Emory Report
August 3, 2009
Volume 61, Number 36


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August 3, 2009
Removing barriers to accessibility

By margie fishman

After injuring her ankle during a ballet class and undergoing surgery, Nadine Kaslow, professor in Emory’s Department of Psychiatry and Behavioral Sciences and chief psychologist at Grady Health System, gained a small window into what it’s like to navigate the Emory campus with a disability.

She learned how to schedule a paratransit van, negotiate bathroom stalls in a wheelchair and locate the nearest elevator. One time, she was late for a meeting and had to ask a colleague to push her from Woodruff Library all the way up hill to Tufts House. “He was sweating up a storm,” she remembers.

The experience sensitized Kaslow to the challenges confronted by people with disabilities every day.
“People with disabilities appreciate people who provide them with assistance — even subtle — when desired,” she says. “But they don’t want to be infantilized or treated as different. This often is a fine line.”

Teaming up with the Office of Disability Services (ODS) and Transportation and Parking Services, Kaslow suggested publishing a comprehensive ride guide for disabled users to learn how to schedule paratransit van stops, access Cliff shuttle routes and apply for appropriate parking permits. The guide is slated to be published in print and online in accessible formats this fall.

In the upcoming academic year, ODS will begin hosting information sessions around campus to inform the community about the range of resources available to those with temporary or chronic medical conditions and disabilities. ODS serves undergraduate and graduate students on the Emory and Oxford campuses, along with faculty and staff at the University and Emory Healthcare, as well as visitors.

People requesting accommodations voluntarily self-identify with ODS and provide medical documentation. The office creates a tailored plan for eligible individuals.

Accommodations for students vary but may include note-taking, carrying a cafeteria tray or pulling books from the library stacks, or providing adaptive technology. One student was so severely allergic to latex that ODS worked to find alternative chemicals and gloves for the custodial staff maintaining her residence hall. A staff liaison in the Health, Physical Education & Dance Department helps ODS adapt courses for eligible students.
“There is not a department on campus that we don’t interact with at some point in order to facilitate accommodation,” notes ODS Student Coordinator Jessalyn Smiley.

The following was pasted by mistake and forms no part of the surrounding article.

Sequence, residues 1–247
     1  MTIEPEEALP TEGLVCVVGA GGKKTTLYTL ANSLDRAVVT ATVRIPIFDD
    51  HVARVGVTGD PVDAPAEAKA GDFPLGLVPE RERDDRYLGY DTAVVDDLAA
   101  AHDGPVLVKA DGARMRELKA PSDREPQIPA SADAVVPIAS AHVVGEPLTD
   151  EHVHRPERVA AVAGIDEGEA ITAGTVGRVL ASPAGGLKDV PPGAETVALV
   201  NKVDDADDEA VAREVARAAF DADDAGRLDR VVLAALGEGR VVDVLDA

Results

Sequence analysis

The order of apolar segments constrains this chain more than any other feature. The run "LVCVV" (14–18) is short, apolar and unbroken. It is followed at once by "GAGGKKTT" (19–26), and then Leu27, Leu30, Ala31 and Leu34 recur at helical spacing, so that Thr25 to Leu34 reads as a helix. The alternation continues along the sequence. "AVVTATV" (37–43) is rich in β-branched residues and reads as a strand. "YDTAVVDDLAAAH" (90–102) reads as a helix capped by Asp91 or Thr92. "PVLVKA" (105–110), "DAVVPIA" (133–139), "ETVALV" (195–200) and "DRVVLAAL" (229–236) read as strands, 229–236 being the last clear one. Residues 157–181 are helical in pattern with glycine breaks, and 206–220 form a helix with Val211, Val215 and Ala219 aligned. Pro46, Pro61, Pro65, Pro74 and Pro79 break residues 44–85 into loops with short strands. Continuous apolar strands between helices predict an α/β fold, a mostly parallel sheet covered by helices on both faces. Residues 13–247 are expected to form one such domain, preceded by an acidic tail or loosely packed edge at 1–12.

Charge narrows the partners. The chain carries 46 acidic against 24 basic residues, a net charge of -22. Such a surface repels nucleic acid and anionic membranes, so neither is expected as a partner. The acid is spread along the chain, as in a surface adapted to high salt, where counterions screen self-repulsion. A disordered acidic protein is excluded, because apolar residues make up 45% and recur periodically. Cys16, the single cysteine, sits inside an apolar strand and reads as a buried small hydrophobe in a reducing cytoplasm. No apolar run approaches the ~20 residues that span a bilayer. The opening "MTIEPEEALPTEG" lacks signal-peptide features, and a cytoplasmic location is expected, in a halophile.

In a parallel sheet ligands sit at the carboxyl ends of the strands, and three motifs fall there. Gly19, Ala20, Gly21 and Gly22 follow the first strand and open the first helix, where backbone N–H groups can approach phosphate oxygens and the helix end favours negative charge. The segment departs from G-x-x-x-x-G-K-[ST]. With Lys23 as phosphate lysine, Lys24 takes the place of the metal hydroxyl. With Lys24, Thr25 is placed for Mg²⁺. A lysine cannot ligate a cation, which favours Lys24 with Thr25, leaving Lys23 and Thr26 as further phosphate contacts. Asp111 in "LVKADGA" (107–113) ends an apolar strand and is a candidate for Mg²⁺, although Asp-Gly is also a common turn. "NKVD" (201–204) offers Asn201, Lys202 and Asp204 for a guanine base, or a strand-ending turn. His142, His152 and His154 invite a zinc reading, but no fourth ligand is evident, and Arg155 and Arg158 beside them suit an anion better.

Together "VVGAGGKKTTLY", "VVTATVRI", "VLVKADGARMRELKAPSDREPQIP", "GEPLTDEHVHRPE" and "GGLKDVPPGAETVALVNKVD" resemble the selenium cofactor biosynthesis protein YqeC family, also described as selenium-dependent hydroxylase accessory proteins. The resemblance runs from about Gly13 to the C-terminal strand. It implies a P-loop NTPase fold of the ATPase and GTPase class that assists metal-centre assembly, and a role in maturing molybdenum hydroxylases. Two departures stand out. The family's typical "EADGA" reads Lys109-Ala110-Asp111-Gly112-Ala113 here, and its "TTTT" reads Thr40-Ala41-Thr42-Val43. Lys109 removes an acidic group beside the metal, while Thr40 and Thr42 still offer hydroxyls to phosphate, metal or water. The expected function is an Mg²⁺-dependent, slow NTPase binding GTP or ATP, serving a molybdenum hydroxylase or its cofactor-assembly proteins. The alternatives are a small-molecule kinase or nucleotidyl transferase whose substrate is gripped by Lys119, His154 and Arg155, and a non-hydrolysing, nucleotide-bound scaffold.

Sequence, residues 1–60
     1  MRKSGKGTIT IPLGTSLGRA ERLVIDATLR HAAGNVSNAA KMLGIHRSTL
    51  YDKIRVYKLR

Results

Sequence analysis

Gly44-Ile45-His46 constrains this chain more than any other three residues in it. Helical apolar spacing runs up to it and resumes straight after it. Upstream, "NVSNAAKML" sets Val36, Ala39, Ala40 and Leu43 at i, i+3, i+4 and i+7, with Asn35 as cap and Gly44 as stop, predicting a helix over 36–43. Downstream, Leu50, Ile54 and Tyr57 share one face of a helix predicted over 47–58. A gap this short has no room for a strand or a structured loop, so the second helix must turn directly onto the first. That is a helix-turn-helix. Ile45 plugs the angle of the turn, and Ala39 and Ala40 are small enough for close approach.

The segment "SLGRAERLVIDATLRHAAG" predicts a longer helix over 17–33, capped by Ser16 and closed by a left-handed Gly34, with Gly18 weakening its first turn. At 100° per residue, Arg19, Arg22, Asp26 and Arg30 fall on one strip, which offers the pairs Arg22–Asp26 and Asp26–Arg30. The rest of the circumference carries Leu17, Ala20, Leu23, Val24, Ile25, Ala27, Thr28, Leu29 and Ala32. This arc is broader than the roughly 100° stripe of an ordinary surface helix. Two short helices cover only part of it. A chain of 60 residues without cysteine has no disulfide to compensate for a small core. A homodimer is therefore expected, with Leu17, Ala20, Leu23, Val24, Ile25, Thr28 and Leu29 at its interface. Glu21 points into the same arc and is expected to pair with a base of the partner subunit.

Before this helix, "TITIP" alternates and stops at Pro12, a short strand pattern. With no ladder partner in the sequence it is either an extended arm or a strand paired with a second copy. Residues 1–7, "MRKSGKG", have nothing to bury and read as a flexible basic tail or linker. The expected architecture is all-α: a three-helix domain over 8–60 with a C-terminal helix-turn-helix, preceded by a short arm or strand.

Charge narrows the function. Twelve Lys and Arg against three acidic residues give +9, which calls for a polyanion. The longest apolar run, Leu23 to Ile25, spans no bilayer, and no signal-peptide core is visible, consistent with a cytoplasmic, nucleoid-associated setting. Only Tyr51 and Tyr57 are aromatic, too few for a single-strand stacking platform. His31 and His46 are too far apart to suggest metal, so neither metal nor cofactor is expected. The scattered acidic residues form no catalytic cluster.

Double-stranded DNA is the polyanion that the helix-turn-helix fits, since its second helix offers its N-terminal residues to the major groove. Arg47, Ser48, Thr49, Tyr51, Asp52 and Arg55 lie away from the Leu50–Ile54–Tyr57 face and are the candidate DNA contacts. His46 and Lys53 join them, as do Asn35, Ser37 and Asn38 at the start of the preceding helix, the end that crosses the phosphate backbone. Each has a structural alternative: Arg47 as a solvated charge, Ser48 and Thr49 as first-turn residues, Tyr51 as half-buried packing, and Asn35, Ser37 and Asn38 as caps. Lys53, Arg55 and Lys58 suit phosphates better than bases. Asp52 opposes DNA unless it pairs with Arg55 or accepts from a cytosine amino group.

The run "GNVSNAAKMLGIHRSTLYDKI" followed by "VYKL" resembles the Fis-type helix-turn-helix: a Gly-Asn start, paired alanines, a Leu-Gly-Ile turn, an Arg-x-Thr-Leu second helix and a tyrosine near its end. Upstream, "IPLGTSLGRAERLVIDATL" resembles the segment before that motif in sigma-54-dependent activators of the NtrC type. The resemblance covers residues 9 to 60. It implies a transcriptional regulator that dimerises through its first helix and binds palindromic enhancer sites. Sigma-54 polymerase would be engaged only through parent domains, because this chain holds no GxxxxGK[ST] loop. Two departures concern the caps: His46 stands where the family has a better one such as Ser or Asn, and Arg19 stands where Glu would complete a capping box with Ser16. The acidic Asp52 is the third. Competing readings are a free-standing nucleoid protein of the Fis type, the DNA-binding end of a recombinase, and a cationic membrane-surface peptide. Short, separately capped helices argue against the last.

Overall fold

Many disabled students learned coping techniques before coming to Emory, says Smiley. As a result, they may not register with ODS because they think they can handle the situation on their own.

ODS is continuing to explore new avenues to offer reasonable access to people with disabilities.

This fall, a new paratransit van with three wheelchair stations will be in service. The van will be able to navigate nooks and crannies on campus that are not easily accessible by the Cliff shuttle. Emory also maintains hundreds of designated accessible parking spots for the disabled around campus.

The University is in the process of improving accessibility in 120 campus buildings under a $6 million barrier removal plan that includes upgrading bathrooms, ramps and public spaces by 2012. Spearheading the effort is Manager of Accessible Design and Construction Linda Sheldon, who also provides advice to campus planners to ensure their building projects meet state and federal guidelines protecting people with disabilities.

“Most people won’t even notice, but Emory will be an even more accessible environment when we’re finished,” says Sheldon. “Our goal is to make it seamless.”

Commencement success stories

Two hours before Freshman Convocation, Maria Town realized that trying to balance herself along with a 16-pound mace could spell disaster.

Town, then president of the Student Government Association (SGA) who suffers from cerebral palsy, entrusted a friend to bear the University symbol. She vowed to carry it on her own terms for Commencement.

“It was absolutely imperative that I present the mace myself,” Town says. “I had worked for this honor and I should be able to engage in it just like everyone else had.”

Traditionally, the bedel, the immediate past president of the SGA, escorts the mace in advance of the University president during an academic procession.

Town, who has trouble walking, considered carrying the mace from a wheelchair, with President Jim Wagner pushing her down the aisle. But she didn’t want her classmates, who had seen her without a wheelchair for four years, to worry. Wagner suggested that she consider a modified walker for the ceremony.

With assistance from ODS and Linda Sheldon in Campus Services, the walker became a reality. The campus carpentry shop outfitted it with a metal box (in Emory blue, of course), adorned with the Emory shield. The mace rested in a groove at the top, allowing Town to brake her “chariot” with her free hand. She used newly purchased ramps on stage to place the mace in its cradle.

Also new to Commencement this year was real-time captioning. ODS coordinated with Charles Minahan, a University Technology Services business analyst who is hearing impaired, to utilize existing technology to stream captioning to monitors around the Quad, the live online video feed and even to cell phones using the wireless network.